How so? Topographic maps, such as this one from National Geographic, are called "topographic" because they are designed to show the topography of the land (as in, the rise and fall in elevation, which makes it possible to identify mountains and canyons and other features of the landscape). Topographic maps are packed full of details you won’t find on the official park maps, showing lots more trails, roads, and environmental details that can make or break your adventure.
This was unquestionably the case with my last trip to Joshua Tree; we made it to the park entrance, but before turning around to find a repair shop, I remembered that I had seen a network of trails on the topographic map, right next to this entrance. We parked, but didn’t see anything that looked like a trailhead, and even the volunteer ranger didn’t know there were trails that crossed the road at that spot. She had to ask the ranger in the gatehouse, who pointed us back down the road to a trail marker we never would have seen if she hadn’t told us exactly where to find it.
We ended up spending the entire afternoon hiking this web of trails and we never met a single hiker along the way. We had the whole area to ourselves the entire time. It was glorious! And this was one of the busiest days of the year, where it would have been a nightmare just to try to find parking in the main areas of Joshua Tree National Park.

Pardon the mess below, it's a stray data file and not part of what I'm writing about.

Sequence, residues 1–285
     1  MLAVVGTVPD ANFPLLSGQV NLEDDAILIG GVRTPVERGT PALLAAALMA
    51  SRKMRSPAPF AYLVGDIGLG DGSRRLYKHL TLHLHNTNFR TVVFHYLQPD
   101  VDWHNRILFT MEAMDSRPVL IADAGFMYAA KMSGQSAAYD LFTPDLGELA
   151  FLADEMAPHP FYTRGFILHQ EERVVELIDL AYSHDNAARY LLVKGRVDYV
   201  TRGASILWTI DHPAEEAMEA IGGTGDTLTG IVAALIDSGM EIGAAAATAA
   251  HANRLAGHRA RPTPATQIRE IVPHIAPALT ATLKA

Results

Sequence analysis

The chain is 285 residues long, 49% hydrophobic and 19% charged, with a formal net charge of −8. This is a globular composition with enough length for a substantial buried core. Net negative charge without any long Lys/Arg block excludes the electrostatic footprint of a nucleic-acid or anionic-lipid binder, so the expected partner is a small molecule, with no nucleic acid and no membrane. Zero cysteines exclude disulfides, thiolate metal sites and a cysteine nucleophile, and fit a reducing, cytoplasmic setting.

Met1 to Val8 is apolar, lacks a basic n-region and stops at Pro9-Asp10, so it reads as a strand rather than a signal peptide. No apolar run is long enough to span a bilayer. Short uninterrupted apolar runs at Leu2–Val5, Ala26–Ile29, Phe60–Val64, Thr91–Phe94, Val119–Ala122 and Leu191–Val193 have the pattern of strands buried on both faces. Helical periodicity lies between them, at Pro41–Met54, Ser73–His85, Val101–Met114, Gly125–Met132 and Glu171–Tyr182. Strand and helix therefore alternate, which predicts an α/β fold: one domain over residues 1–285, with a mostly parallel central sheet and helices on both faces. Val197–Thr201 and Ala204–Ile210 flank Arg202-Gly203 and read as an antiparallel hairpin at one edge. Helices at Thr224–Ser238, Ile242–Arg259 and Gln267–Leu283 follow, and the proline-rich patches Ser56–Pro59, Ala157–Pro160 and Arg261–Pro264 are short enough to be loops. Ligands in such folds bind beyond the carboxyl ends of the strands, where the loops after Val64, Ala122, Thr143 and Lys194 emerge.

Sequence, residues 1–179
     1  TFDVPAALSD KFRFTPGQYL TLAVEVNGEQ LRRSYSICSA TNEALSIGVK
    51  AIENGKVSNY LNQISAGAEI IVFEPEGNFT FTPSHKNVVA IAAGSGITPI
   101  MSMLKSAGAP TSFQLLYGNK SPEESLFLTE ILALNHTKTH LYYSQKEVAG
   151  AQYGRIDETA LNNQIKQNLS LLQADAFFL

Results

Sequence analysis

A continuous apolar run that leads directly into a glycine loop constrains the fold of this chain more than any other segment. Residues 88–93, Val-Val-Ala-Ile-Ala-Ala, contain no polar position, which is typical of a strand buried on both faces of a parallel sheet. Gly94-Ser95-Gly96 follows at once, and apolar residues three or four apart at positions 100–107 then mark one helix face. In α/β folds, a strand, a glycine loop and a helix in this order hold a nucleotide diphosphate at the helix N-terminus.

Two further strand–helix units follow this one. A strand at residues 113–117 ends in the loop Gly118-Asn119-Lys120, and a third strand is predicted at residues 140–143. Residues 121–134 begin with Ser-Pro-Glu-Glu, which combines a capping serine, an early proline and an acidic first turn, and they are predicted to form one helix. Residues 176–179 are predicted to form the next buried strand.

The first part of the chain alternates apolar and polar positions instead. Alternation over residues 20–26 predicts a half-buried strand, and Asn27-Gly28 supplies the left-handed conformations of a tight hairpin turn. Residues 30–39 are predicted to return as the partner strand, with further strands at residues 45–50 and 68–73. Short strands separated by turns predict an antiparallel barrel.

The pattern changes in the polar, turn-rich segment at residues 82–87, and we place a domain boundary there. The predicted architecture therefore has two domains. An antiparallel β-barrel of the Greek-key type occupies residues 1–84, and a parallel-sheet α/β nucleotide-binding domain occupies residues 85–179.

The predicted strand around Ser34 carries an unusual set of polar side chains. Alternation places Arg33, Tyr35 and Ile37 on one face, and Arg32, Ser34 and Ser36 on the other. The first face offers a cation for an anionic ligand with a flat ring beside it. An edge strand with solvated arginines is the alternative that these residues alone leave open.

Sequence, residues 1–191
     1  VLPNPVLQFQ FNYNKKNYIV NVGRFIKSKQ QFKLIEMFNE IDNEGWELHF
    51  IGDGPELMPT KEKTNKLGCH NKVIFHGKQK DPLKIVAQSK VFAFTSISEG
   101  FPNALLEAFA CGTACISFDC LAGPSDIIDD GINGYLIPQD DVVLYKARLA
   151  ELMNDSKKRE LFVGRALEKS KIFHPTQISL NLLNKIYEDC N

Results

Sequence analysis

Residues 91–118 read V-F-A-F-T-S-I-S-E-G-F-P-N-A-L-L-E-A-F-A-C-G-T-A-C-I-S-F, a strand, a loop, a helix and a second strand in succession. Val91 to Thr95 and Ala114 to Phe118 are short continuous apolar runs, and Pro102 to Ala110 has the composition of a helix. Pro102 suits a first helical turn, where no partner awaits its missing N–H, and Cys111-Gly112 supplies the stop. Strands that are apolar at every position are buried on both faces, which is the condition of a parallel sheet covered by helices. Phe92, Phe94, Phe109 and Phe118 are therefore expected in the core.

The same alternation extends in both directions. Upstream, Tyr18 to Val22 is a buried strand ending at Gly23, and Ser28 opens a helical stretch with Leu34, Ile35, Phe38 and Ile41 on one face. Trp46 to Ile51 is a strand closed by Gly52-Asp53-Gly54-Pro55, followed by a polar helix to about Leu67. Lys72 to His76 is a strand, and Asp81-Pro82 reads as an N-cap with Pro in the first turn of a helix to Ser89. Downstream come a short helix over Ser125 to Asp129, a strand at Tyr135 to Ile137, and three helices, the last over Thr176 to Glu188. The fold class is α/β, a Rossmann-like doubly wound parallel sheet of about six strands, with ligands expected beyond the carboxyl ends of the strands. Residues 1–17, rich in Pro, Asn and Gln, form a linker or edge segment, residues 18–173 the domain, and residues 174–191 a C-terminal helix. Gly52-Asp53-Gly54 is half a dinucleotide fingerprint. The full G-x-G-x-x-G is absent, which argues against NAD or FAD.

Moral of the story: without the topographic map, we never would have known those trails were even there, and our trip would have been a complete bust. But with the map, we were not only able to salvage the expedition from sabotage by our car, but we had the privilege of hiking for hours on a crazy crowded day with no one else around. Plus, we got to explore an area of the park that the vast majority of Joshua Tree’s visitors will never see or even know about.
Topographic maps, along with a compass, are a good tool to pack on any hike, anyway, as they give you much more information to work with should you ever become lost or disoriented. Their precision in representing the natural features of the landscape and the contours of trails make them far more reliable than the basic park maps for navigation purposes, and they even have the perk of opening your eyes to trails and landmarks far off the beaten path - and away from the crowds.
But what if you still want to see the popular spots, too?
How can you avoid the crowds and still see the landmarks that make each park famous? I have a couple of ideas. First, if you can plan your trip to avoid weekends and holidays, especially those fee-free days, it will make a big difference in avoiding crowded days. The other thing you can do to avoid crowds at National Parks (or any popular outdoor destination) is to get there early, even before sunrise. Very few other visitors will make the effort to get out that early, plus you’ll treat yourself to some fantastic sunrise views!
This article contains affiliate links. That means that if you purchase something through my link, I'll receive a small commission, at no extra cost to you. Your support helps me keep the Dear Summit Blog going!
If you enjoyed this post, then you'll love the stories and tips I send to my Trail Journal Tribe! Join the tribe now to get in on the fun: